In several researches, it has been discovered that lawyers have a favorable attitude about euthanasia  and that law students are more likely than medical students to accept euthanasia . When pharmaceuticals are recommended for euthanasia, pharmacists are in a difficult situation and may need to evaluate if giving a patient a deadly amount of a prescription is morally and ethically appropriate . Because of this moral implication, pharmacists have a responsibility to be interested in and informed about their patients' health outcomes. They are accountable for the moral distribution of medications, particularly those used for euthanasia. The establishment of extensive and strong health policies that assure the safe and appropriate use of medications, including those used in euthanasia is therefore made better by considering pharmacists' perspectives [11, 21].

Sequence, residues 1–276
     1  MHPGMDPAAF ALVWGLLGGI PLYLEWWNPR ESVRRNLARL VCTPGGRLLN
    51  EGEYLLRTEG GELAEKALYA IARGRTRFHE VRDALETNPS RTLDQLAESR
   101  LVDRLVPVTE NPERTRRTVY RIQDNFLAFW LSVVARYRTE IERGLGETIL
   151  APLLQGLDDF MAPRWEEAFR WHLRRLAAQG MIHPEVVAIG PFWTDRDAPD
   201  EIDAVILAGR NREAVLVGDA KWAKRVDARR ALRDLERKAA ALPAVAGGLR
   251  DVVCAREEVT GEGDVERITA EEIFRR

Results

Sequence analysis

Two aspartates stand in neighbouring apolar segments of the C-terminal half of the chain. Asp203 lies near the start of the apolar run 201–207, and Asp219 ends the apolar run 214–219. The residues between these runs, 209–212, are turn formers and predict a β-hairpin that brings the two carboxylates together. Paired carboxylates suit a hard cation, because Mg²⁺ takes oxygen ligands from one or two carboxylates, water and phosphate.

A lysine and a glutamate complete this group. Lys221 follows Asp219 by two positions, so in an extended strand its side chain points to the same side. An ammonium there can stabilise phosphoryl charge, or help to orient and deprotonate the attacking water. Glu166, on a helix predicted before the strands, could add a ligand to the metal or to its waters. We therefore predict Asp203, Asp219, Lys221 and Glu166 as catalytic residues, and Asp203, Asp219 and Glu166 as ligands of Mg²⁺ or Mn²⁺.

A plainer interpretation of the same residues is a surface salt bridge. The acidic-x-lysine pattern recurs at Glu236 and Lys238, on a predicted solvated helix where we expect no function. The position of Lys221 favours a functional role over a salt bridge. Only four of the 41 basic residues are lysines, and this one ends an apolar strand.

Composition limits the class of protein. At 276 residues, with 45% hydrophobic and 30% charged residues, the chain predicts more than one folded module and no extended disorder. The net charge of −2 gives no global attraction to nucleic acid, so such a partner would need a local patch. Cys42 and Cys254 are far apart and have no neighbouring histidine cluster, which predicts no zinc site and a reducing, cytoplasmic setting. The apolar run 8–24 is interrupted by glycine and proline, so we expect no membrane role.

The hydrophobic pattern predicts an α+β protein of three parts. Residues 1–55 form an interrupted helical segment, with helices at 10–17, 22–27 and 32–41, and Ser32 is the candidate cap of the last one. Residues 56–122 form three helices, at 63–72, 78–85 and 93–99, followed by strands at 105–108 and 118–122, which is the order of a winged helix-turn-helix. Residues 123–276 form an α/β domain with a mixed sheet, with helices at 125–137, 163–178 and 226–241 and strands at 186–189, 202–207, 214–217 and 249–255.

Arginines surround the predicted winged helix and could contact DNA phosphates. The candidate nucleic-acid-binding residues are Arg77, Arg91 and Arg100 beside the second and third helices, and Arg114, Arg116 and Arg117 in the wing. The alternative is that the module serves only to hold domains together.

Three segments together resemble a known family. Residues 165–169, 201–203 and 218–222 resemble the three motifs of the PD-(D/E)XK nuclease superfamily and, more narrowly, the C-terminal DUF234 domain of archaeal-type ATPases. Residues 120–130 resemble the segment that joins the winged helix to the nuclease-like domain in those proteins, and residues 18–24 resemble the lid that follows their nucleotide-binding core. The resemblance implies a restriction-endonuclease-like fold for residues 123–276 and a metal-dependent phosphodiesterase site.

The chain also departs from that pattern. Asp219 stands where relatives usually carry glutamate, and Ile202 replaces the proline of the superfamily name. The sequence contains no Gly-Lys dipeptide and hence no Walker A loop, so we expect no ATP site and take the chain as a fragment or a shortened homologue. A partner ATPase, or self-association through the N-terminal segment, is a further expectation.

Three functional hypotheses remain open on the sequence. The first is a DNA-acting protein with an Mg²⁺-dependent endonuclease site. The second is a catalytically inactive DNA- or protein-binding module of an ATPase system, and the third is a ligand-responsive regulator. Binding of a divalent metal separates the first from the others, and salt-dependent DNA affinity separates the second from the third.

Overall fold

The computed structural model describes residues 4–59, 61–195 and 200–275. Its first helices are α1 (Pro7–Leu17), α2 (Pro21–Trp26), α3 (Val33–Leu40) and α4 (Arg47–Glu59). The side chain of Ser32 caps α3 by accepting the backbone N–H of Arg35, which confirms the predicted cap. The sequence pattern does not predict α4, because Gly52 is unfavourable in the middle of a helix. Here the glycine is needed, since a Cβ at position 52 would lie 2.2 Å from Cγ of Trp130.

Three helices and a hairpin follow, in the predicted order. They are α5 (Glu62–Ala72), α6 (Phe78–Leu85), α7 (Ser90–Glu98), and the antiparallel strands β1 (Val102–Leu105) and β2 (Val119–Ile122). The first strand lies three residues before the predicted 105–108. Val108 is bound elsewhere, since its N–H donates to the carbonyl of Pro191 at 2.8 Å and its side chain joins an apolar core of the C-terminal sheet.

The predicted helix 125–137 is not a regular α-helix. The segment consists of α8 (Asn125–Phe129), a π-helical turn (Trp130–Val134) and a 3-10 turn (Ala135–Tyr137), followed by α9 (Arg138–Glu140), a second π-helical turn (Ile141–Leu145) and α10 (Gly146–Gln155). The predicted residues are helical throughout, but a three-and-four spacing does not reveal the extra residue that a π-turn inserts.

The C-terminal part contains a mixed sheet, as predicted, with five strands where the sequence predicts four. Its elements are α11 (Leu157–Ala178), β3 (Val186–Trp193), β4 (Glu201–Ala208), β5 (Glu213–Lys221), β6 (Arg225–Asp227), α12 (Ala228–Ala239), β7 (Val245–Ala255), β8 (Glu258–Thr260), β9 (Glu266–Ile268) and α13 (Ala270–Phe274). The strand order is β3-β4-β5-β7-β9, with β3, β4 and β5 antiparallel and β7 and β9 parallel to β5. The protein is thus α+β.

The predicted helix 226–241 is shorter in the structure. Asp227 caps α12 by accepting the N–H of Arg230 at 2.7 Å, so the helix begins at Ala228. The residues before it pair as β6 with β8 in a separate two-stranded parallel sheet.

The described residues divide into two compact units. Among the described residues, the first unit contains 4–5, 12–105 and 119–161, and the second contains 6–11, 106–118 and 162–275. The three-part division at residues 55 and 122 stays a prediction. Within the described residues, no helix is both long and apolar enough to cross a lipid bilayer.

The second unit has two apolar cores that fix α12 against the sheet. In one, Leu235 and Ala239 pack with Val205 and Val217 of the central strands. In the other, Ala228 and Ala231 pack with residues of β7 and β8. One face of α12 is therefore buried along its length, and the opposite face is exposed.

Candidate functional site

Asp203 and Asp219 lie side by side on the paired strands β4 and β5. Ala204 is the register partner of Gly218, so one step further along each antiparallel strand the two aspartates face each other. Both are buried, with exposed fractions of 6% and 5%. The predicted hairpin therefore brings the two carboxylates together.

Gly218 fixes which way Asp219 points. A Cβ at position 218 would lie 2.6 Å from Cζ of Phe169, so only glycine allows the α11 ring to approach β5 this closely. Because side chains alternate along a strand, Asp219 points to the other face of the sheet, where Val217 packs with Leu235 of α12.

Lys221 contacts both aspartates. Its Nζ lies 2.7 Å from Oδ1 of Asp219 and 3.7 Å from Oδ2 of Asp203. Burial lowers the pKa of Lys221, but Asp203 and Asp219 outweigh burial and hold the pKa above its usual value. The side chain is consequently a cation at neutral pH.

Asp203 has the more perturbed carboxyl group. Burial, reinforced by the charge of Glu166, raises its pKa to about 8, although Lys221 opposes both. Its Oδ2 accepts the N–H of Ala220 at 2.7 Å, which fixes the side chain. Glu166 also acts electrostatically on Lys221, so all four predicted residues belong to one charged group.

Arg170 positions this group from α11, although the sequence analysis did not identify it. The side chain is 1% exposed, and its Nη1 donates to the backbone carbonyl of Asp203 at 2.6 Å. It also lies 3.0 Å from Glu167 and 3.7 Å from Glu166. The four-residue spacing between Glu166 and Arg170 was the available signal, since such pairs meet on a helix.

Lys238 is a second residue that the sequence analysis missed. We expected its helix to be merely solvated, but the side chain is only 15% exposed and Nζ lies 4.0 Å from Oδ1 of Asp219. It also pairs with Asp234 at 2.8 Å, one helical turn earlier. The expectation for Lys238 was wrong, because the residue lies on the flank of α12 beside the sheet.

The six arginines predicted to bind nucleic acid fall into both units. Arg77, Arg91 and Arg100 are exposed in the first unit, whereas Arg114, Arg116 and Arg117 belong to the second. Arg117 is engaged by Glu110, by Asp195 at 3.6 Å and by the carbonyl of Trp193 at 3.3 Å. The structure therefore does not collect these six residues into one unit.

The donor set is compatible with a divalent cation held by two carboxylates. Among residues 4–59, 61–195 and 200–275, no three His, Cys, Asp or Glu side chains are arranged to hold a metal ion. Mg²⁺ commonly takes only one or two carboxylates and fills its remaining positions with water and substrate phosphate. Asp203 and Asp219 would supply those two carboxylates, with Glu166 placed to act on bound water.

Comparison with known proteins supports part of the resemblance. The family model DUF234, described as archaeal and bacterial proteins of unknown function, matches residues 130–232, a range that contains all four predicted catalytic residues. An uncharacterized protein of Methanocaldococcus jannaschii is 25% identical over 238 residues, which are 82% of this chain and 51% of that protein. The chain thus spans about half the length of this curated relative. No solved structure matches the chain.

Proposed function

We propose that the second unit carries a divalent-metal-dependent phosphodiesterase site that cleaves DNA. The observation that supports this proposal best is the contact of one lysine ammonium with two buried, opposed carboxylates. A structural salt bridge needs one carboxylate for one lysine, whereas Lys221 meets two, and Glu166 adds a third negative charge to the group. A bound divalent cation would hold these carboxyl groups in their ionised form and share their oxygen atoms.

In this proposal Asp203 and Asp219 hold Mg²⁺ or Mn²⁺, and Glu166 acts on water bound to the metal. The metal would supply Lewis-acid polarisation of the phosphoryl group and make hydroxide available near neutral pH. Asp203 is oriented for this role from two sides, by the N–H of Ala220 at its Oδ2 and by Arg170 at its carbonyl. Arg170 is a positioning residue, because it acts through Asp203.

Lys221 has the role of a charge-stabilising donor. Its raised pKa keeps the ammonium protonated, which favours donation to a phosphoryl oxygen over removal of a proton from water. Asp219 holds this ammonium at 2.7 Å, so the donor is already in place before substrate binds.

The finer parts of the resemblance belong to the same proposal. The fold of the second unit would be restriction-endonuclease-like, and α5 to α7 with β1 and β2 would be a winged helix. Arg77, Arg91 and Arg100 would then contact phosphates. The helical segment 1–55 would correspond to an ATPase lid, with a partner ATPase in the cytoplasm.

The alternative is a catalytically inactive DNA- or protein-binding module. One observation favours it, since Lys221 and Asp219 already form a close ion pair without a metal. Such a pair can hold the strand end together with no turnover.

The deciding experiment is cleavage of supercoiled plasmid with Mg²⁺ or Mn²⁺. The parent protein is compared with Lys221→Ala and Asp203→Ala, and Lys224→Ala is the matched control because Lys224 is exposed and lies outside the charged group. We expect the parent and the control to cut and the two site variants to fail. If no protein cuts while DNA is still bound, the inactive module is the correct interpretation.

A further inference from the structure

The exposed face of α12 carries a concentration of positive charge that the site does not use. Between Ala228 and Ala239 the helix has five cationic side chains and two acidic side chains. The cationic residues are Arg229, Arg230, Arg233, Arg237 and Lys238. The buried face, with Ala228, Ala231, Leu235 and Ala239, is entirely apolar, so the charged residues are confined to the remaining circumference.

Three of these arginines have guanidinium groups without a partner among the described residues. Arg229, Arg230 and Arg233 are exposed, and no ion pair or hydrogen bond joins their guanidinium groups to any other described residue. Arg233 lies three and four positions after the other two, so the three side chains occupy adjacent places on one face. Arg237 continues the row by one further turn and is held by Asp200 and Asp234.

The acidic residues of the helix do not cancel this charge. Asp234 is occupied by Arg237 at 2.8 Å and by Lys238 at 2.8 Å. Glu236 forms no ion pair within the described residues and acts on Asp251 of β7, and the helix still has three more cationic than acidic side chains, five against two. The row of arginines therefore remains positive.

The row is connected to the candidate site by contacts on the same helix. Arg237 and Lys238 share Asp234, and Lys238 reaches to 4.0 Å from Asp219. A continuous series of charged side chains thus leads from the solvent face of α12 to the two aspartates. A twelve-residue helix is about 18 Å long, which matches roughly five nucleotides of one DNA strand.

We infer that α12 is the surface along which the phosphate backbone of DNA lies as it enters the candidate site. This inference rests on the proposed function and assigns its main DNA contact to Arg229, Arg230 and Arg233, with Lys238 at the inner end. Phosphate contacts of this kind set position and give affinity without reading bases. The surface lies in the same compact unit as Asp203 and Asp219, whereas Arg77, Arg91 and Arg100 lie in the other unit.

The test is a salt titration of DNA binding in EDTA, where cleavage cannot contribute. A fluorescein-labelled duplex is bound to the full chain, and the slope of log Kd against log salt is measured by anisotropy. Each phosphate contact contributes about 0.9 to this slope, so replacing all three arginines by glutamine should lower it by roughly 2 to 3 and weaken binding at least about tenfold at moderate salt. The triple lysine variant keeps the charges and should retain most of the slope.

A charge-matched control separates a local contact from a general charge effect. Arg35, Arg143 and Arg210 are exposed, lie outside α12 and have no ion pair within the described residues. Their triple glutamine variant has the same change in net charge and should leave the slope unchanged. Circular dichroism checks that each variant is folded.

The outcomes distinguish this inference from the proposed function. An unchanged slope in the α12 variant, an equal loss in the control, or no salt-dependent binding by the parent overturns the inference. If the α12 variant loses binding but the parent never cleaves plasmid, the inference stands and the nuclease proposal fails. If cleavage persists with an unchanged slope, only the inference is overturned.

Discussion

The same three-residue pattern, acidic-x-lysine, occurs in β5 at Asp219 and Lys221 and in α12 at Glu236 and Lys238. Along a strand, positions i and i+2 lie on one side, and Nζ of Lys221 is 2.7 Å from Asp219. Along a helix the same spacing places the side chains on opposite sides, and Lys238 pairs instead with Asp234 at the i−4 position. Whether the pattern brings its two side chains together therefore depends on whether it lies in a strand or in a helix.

Since pharmacy students represent the next generation of pharmacists, it is crucial for the healthcare team to understand their perspectives on euthanasia. Future pharmacists in Ethiopia might come into contact with patients who are suffering from terminal illnesses at some point in their employment; therefore it makes sense for them to be familiar with euthanasia. Regardless of whether euthanasia is made legal in Ethiopia, having this knowledge could be very helpful in discussions with patients (or their families) that may have questions about the end of life and euthanasia. To the best of our knowledge, investigations of a similar nature have not been carried out in Ethiopia, but they have in other nations. Therefore, this study was aimed to evaluate the knowledge and attitudes of final year pharmacy and law students concerning euthanasia. The study also investigated the impact of socio-demographic characteristics on acceptance of euthanasia.